Clarifying withholding tax on minerals
Clarifying withholding tax on minerals by: Charity P. Mandap
A major focus of the Bureau of Internal Revenue (BIR) is mining, an industry that is viewed as a good revenue source as it is subject to excise, value-added and income taxes.
Relative to this, the BIR has clarified the taxability of the sale of gold in its recent Revenue Regulations (RR) No. 6-2012 issued on April 2, 2012.
The regulations amend RR No. 7-2008 on the Taxation on the Sale to BSP of Gold and Other Metallic Mineral Products Extracted or Produced by Small-Scale Miners, and Further Amending Section 2.57 2(T) of RR No. 2-98, as amended.
A significant amendment is the expanded scope of the regulations. RR 7-2008 covers only transactions between small-scale miners and the Bangko Sentral ng Pilipinas (BSP). With the changes in place, RR 6-2012 now uses the words “sellers” instead of small-scale miners and “buyers” instead of only the BSP. RR No. 7-2008 contains no reference to large-scale mining or other entities. In fact, it specifically implements Republic Act (RA) No. 7076 or the People’s Small-Scale Mining Act of 1991. It provides a detailed background, definition and qualification of small-scale mining, giving the impression that he regulation is applicable only to small-scale mining. If the intent is to cover large-scale mining, RR 7-2008 could have easily incorporated the same. Thus, under the basic rule on statutory construction known as expressio unius est esclusio alterius, or in layman’s terms simply means “what is not included is deemed excluded,” RR No. 7-2008 is applicable only to small-scale mining.
Meanwhile, RR 6-2012 now provides for the applicability of VAT on the sale of gold. Where RR No. 7-2008 merely provides for the zero percent VAT on the sale of gold to the BSP, the new regulations reiterate the applicability of the 12% VAT on the sale of metallic minerals to persons and entities in general. The general term “persons and entities” could only mean persons and entities other than BSP. Thus, the new issuance covers sale of minerals to persons and entities other than the BSP.
The inclusion of large-scale mining in the coverage of the regulations attains relevance in the withholding of the 10% tax by a buyer on income payments for purchases of minerals, mineral products and quarry resources under Section 2.57.2 (T) of RR No. 2-98. Considering that RR No. 7-2008 overs only small-mining, the 10% withholding tax required under the same regulations should be construed to apply only to transactions involving small-scale miners.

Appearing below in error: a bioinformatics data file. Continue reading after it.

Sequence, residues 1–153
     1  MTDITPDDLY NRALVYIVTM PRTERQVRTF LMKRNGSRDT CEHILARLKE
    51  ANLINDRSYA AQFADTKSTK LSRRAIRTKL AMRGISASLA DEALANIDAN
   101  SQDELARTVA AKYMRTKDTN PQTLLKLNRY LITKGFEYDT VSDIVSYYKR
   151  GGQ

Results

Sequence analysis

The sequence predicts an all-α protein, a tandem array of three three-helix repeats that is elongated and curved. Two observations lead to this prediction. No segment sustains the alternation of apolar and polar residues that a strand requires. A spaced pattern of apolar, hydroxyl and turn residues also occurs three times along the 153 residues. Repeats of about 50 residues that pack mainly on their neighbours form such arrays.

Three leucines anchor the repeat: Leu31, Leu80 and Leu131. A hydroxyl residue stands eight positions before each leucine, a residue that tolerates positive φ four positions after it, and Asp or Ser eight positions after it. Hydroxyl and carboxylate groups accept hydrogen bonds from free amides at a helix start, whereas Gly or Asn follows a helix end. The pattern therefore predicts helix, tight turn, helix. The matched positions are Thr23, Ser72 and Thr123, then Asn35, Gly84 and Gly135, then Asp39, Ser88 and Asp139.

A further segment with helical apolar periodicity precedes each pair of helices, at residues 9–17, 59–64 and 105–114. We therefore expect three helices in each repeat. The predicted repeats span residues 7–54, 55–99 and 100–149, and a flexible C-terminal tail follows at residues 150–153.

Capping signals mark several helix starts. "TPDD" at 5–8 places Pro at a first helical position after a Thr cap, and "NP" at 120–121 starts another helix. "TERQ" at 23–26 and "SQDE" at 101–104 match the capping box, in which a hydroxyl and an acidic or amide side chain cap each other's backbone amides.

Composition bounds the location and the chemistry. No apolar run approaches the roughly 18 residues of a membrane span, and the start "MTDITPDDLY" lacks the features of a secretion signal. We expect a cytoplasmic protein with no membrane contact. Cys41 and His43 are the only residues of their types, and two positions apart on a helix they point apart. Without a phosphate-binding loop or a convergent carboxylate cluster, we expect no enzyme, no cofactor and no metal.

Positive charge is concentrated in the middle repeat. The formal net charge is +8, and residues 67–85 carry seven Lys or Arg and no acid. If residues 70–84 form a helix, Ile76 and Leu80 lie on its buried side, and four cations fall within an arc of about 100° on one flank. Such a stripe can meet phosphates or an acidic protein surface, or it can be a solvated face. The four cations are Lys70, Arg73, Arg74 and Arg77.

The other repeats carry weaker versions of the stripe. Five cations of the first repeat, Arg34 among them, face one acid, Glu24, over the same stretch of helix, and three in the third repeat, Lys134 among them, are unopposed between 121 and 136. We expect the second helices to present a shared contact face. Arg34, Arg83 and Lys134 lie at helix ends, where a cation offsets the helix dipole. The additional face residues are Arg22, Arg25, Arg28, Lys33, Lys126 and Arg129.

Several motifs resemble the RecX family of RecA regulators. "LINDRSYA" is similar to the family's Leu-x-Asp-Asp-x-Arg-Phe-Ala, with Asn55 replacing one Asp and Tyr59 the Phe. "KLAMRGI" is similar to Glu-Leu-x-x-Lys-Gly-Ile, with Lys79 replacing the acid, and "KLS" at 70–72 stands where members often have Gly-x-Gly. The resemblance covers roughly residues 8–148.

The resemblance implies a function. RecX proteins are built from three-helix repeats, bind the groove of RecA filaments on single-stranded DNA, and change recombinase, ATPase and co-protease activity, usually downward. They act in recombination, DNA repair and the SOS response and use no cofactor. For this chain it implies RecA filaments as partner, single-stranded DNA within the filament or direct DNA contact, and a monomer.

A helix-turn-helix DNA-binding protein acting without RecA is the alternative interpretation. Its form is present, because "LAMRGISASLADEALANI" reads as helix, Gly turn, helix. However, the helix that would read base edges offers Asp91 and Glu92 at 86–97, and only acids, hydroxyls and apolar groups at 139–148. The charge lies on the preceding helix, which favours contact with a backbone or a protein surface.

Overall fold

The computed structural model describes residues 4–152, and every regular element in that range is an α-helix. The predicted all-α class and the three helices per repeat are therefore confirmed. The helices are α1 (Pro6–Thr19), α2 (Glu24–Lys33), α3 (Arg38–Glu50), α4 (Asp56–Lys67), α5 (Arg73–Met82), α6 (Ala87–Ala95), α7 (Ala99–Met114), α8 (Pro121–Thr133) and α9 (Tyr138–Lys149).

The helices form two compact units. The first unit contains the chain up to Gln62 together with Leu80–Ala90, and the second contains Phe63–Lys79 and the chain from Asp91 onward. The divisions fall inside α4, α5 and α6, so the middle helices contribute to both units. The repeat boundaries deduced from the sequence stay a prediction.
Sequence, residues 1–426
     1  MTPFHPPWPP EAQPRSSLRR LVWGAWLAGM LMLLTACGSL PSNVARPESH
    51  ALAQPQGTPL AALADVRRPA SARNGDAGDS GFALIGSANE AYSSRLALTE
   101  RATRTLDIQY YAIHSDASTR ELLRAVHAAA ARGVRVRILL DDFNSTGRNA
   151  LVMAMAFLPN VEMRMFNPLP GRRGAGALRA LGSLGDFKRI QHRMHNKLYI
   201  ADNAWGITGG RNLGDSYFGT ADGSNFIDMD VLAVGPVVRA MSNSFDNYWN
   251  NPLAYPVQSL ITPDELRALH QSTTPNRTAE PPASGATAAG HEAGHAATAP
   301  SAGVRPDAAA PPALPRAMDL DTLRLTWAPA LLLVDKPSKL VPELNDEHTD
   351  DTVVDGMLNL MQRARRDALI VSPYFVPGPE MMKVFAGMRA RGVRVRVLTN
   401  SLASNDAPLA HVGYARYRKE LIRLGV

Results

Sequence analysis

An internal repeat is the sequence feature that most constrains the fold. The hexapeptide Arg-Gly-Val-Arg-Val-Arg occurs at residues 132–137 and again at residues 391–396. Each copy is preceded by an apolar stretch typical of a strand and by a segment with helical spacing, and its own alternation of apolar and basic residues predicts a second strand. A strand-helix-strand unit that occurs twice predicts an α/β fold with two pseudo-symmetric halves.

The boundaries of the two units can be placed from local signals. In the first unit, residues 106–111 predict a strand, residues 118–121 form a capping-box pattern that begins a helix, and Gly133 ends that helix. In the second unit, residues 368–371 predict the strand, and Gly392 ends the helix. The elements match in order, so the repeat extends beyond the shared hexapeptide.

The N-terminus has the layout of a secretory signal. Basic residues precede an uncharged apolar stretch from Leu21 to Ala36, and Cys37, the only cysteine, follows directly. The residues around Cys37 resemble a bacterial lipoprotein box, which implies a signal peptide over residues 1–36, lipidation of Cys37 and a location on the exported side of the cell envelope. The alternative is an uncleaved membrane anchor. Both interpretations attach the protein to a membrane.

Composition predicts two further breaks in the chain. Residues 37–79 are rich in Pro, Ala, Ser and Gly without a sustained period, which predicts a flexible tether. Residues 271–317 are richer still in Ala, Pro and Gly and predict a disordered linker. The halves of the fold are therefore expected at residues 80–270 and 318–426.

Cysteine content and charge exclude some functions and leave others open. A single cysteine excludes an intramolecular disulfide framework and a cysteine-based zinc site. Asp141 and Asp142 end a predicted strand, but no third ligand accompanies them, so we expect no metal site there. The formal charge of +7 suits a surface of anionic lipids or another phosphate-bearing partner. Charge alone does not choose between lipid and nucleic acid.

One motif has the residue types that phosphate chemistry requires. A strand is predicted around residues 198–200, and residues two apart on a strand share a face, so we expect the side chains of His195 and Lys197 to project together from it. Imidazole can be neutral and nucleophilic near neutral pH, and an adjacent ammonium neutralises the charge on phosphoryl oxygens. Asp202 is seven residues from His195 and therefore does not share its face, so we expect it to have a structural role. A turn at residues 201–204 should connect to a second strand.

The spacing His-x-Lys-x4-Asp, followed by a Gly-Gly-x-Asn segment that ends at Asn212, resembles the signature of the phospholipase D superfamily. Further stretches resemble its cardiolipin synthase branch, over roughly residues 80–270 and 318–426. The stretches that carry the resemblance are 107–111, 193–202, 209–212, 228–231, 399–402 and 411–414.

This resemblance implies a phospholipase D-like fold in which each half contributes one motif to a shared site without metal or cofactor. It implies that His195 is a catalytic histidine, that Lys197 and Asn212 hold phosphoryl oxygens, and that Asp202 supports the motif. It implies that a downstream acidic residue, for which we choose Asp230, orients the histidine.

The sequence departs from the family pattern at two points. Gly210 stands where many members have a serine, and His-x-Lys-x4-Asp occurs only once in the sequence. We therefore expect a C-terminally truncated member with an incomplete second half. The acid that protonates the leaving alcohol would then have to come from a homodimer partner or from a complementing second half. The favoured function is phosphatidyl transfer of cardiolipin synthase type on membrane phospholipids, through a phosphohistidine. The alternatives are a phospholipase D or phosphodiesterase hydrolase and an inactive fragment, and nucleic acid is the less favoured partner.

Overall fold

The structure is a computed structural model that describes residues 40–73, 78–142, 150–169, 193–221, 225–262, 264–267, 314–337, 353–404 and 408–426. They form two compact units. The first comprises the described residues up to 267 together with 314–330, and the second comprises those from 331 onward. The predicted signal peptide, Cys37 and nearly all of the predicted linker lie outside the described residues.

In spite of this, the BIR in some cases maintains that the 10% withholding tax should also be applicable to transactions involving large-scale miners. With the BIR’s interpretation, buyers who withheld only the 1% tax on income payment to large-scale miners (as prescribed by an earlier regulation, RR No. 17-2003) have been made liable to withholding tax deficiency on the 9% difference. As a consequence, buyers of minerals, on whom the responsibility to withhold is placed, are being exposed to penalties for failure to withhold the correct taxes.
The intent of the BIR to cover transactions involving large-scale mining under RR 12-2008 could have been explained in a public hearing on the regulations during the drafting stage. Unfortunately, no such event took place. As a public hearing is required to validate the regulations, can the BIR implement the changes or raise tax rates in a regulation that was issued without due notice and hearing?
Under RR 8-2012, the controversial withholding tax has been reduced to 5% (from 10%, or up from 1%) which now applies on all transactions whether with large scale or small-scale miners. The earlier regulation, RR No. 17-2003 prescribed only a 1% withholding tax rate.
The reduction in the withholding tax rate , hopefully, should be able to address the burden on both the buyers as withholding tax agents and on the sellers. The buyer-withholding agent is now made liable for the amoun
t of taxes not withheld plus interest and penalties should there be a failure of compliance with the regulations. Moreover, the change to 10% withholding tax rate under RR No. 7-2008 was a big jump from the original 1%. In many cases, an excessive withholding tax rate only results in huge amounts of creditable withholding taxes in the taxpayer account if the amount withheld is higher that the income taxes payable.
The new regulations also added a paragraph to the requirement of proof of withholding and remittance of the 5% withholding tax to enable sellers/possessors to claim the costs and expenses associated therewith. This addition amplifies the importance of the withholding of tax on purchase of minerals, failure of which will cause the disallowance of the costs and expenses to sellers/possessors.
As certain ambiguities of RR No. 7-2008 have been addressed by th recent issuance, buyers of minerals, regardless of whoever is selling, can now be assured that the 5% rate is the correct withholding tax.